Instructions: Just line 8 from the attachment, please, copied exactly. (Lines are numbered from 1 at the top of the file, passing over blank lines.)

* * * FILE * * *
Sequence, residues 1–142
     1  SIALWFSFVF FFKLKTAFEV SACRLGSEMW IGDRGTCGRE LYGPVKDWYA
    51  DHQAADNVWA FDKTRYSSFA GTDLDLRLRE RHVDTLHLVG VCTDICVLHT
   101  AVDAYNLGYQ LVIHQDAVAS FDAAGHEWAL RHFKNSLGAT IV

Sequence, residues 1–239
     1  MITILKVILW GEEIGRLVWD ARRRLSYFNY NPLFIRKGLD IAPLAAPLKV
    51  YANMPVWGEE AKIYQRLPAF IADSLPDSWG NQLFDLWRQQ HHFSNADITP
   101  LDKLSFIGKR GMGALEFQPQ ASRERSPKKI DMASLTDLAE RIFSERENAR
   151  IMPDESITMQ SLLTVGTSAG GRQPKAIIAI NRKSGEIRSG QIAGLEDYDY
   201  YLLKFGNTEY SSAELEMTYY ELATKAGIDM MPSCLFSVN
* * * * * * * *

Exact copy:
   101  LDKLSFIGKR GMGALEFQPQ ASRERSPKKI DMASLTDLAE RIFSERENAR